Last month, I spoke at the Rodan + Fields annual conference about the use of preservatives in personal care products—like makeup and skincare. The issue many skincare and cosmetic companies are facing is criticism for using chemicals like parabens and other preservatives in their products and for using other chemicals, like BPA, in their packaging. 

But it’s important to push back on this dangerous narrative, and the women in attendance at this conference were eager to hear just how that can be done.

My speech was divided into three parts:

• Explaining the culture of alarmism and the current state of the consumer.

• Describing those who push the alarmist narrative: bloggers, celebrities, the mainstream media, and activists. 

• And providing tips on how to push back.

The culture of alarmism isn’t too hard to explain. Most women recognize it as that relentless drumbeat that you and your kids are in grave danger. In the world of skincare, where the trend has increasingly been to go “all natural,” this narrative of danger is incredibly powerful. Anti-chemical activists, celebrities with their own skincare and personal care product lines (Gwyneth Paltrow, Jessica Alba), mommy bloggers who profit by advertising so called “organic” and “all-natural” skincare lines, and the mainstream media which is always hungry for a scary headline happily promote the idea that skincare products that use chemicals are dangerous. 

Yet, the science tells us otherwise. In fact, the science tells us that preservatives serve pretty important purpose—that is, keeping products free of harmful bacteria. Here’s a video showing what happens to chemical-free cosmetics.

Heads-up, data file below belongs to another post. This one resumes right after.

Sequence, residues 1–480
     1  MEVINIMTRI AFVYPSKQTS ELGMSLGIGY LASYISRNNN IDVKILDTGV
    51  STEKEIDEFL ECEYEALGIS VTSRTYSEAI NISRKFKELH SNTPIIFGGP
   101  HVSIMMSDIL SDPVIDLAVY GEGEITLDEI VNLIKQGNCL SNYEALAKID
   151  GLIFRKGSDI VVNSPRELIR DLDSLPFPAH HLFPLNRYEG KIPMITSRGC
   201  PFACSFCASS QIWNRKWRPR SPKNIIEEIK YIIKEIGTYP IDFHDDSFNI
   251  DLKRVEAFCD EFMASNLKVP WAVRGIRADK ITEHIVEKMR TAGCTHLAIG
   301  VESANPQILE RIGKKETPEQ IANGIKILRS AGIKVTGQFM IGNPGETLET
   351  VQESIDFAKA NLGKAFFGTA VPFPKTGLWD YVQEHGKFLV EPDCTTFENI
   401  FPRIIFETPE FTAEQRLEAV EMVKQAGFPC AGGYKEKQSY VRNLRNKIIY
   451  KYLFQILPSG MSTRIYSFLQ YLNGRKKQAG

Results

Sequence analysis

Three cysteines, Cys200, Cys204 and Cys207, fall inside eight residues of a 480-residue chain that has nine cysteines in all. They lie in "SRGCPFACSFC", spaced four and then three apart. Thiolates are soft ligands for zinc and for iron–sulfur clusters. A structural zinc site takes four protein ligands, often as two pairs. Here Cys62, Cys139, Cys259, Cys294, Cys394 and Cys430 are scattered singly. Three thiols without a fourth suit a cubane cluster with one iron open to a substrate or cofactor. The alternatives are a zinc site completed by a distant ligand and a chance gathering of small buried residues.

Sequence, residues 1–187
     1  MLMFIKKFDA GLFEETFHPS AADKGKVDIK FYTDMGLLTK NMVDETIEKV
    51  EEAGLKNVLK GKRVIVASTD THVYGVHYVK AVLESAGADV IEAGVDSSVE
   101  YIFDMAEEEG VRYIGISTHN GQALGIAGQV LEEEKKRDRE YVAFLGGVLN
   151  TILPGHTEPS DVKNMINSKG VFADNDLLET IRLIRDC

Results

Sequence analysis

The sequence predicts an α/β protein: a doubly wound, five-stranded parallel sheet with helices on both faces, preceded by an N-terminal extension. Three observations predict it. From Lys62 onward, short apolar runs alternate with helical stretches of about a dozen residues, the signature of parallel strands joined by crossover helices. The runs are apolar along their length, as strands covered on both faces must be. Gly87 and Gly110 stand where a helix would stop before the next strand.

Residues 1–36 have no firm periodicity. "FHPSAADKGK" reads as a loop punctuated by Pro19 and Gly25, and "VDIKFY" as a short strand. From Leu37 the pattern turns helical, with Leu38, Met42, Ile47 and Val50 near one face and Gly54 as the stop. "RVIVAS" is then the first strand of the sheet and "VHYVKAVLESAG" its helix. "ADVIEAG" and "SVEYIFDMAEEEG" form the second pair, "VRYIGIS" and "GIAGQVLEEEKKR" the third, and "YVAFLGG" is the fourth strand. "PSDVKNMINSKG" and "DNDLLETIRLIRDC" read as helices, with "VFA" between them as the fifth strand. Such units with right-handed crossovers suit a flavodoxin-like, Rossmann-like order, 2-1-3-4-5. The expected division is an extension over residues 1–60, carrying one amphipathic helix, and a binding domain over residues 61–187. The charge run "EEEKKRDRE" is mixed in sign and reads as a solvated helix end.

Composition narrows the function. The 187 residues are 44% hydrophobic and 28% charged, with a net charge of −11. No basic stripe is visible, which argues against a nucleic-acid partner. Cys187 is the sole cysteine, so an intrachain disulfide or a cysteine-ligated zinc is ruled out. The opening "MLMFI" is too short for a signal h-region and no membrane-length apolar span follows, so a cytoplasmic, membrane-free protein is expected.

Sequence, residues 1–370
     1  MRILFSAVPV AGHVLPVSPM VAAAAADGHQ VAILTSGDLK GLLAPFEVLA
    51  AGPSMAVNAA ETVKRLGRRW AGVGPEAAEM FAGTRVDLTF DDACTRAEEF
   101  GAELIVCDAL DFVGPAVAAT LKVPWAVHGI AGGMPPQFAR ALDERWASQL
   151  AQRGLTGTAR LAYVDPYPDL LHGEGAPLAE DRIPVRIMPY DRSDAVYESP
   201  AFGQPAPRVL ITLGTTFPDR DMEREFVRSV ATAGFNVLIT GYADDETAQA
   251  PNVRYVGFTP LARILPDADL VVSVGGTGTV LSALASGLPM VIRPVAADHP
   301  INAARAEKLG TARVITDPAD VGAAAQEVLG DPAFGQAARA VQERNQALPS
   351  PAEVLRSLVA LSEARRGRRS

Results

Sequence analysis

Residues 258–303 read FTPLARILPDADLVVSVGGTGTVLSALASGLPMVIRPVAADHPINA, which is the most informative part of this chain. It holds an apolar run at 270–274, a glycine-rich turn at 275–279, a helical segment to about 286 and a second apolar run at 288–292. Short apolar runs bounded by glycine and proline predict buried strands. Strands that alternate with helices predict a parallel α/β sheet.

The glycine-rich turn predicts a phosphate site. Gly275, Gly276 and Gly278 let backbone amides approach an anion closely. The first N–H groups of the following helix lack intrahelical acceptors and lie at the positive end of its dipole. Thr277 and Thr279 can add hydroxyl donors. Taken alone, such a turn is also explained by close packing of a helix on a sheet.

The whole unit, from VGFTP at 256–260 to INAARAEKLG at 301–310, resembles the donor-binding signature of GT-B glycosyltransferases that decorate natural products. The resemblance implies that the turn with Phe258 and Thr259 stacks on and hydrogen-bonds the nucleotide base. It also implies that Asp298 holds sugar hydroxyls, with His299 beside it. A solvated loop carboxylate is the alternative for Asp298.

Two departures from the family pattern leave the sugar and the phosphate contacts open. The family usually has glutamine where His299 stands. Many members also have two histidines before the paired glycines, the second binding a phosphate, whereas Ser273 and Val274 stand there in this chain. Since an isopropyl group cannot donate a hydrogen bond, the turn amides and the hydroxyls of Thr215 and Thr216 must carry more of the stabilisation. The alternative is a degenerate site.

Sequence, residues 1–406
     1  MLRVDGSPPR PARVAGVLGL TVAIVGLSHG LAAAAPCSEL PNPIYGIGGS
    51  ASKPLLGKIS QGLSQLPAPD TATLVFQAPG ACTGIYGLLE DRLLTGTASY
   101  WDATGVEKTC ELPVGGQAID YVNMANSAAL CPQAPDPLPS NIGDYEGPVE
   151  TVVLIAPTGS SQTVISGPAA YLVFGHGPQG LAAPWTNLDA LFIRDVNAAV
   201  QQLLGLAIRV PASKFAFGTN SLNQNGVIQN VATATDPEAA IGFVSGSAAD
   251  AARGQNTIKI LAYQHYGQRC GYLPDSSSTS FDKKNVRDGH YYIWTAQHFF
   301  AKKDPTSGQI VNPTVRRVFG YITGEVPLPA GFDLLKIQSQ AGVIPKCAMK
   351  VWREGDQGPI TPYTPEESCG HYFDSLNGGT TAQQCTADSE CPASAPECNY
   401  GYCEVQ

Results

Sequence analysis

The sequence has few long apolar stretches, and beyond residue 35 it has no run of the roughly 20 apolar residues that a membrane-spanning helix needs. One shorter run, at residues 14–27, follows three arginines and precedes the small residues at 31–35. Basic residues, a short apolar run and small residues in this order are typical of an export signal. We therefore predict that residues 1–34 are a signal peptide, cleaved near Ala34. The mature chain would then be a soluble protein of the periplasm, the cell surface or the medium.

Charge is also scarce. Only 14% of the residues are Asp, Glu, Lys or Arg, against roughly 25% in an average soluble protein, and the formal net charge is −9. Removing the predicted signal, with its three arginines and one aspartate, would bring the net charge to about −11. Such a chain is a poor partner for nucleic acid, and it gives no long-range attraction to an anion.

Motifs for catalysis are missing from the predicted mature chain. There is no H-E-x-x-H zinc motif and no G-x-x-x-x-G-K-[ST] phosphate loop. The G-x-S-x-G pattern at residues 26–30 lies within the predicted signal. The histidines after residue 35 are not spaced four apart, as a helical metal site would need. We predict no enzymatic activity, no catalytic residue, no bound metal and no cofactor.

After seeing that, who would object to trace levels of bacteria-fighting chemicals? Not me! Not my kids!

When it comes to how to push back, my recommendations are simple: First, people need to be BRAVE! 

This is no simple task because so many women don’t want to fight on social media. But, it’s important! I fight for two main reasons:

1. I don’t like seeing nonsense promoted as fact and I always think myths and conspiracy theories should be called out (example: I never allow an anti-vaccination message to go unchallenged among my friends on social media).

2. I am trying to reach the people who choose not to engage on social media. I call these folks the “lurkers.” These are people who watch disagreements on social media but who do not engage. These are the folks I’m trying to reach—not the actual person I’m fighting with, who, more often than not, won’t be convinced by my arguments. So, instead, I fight for those who are watching and who might respond by going “huh…I hadn’t thought of that!”

Second, I urged the women in the audience to first recognize that chemicals can be scary, confusing, and intimidating and that they need to acknowledge customer concerns and never scoff or make people feel stupid for asking questions. I further explained that it’s critical that they correct misinformation, myths, and conspiracy theories and remind customers that chemicals are used to keep skincare products free of dangerous bacteria.

One last word about Rodan + Fields: I’ve never seen a more positive, enthusiastic, curious and driven group of women who are committed to providing good, safe, reliable and affordable products to those they care about. I was thrilled to talk to many of the women after my presentation—women who were clearly hungry for more information about the use of chemical preservatives in skin care products.  It shows that there’s an appetite for information and reliable data on why these products are good and safe and make products better, longer lasting and more affordable.   

I’m so thankful that I was able to speak at the event and hope more companies do what Rodan + Fields is doing–arming their employees and partners with good information to push back on alarmist messages.